Current systems are built on VOIP-type technology and IP end devices, including IP speakers. The network connectivity allows authorized users to send and broadcast audio simultaneously to speakers and IP telephones. Some systems have the capability to concurrently send a multicast audio stream and text messages that can be delivered to not only paging speakers and IP telephones, but also PCs and non-VOIP telephones.
Authorized users can create paging groups, something like the legacy paging zones, but with much more functionality thus allowing the users to select particular end devices for the group. Users can control broadcasts from a PC or a web browser on an IP phone and send a live, recorded, or scheduled broadcast to one or more paging groups.
The paging system uses IP-addressable speakers, with the average speaker utilizing Power-Over-Ethernet (POE), thus eliminating the need for local power. (Paging horns, which require something in the range of 20 watts, will need POE Plus). All the speakers can be centrally controlled and managed via the network.
Some manufactures of the IP paging systems have integrated their products into contact closure devices, generally associated with an access control system to monitor which doors are open or closed. The contact closure at a door is integrated with the paging system so that an open contact can trigger a page. Another basic capability is to have a night doorbell played through the paging system.
Emergency Notification and Messaging
The digital or IP clock is basically an LED display connected to the network with software to display the time and date. However, the network LED display can be used for other functions or purposes, such as messaging and notification.
Some messages could be information on weather conditions or event reminders for organizations. More importantly, the messaging and notification can be use for emergency and crisis situations. The notification capability of the system can provide real-time communications within a building or across a campus regarding an emergency situation thus significantly improving life safety and security.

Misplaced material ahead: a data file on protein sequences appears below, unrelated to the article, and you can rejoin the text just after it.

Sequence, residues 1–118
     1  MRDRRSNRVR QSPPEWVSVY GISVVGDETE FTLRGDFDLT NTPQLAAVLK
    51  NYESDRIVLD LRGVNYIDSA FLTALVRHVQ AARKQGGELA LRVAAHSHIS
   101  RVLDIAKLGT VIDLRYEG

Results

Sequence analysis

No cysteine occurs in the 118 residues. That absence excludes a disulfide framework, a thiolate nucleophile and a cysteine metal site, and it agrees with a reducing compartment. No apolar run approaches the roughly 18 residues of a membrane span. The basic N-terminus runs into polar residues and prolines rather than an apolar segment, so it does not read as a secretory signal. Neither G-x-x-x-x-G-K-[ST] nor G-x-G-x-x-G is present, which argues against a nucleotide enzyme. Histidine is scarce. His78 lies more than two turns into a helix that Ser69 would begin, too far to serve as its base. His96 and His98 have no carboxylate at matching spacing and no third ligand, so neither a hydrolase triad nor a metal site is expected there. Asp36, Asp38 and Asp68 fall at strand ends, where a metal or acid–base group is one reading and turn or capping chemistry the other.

The message or notification can be sent from any authorized administrator via a network workstation or web browser. After the message display, the LED can revert back to the clock. Messages can be scheduled to run at preset times or on a recurring basis. Users can configure the duration of the message and choose to play it multiple times if desired.
The messaging and notification function of an IP clock system simply requires additional messaging software since all the hardware is already in place.
All-In-One Systems: Clock, Messaging and Paging Systems
Here’s convergence on top of converenge. Some products now in the marketplace combine clock, messaging and paging functions. Atlas Sound and others manufacture IP addressable speakers with a speaker baffle option that includes a built-in LED for clock and messaging functions and an optional microphone for communication back through the paging system. These products maximize the capital and operating savings related to wiring, power and centralized administration.
There are benefits for those with multiple buildings and networks. These systems can provide services anywhere building owner has the IP network. For example, a school superintendent can message all the schools at the same time with the same message; a CEO could do the likewise to all their offices throughout their wide area network. Management of these systems can be consolidated across facilities providing further savings and improved capabilities.
It is crystal clear that there is great value in this trend for building owners, tenants, facility managers, architects and design engineers as exemplified by these building technology systems. The small price paid by changing a design process or type of contractor will bring the real ROI: the return on innovation.
For more information about smart buildings, technology design or to schedule a Continuing Education program, email me at email@example.com.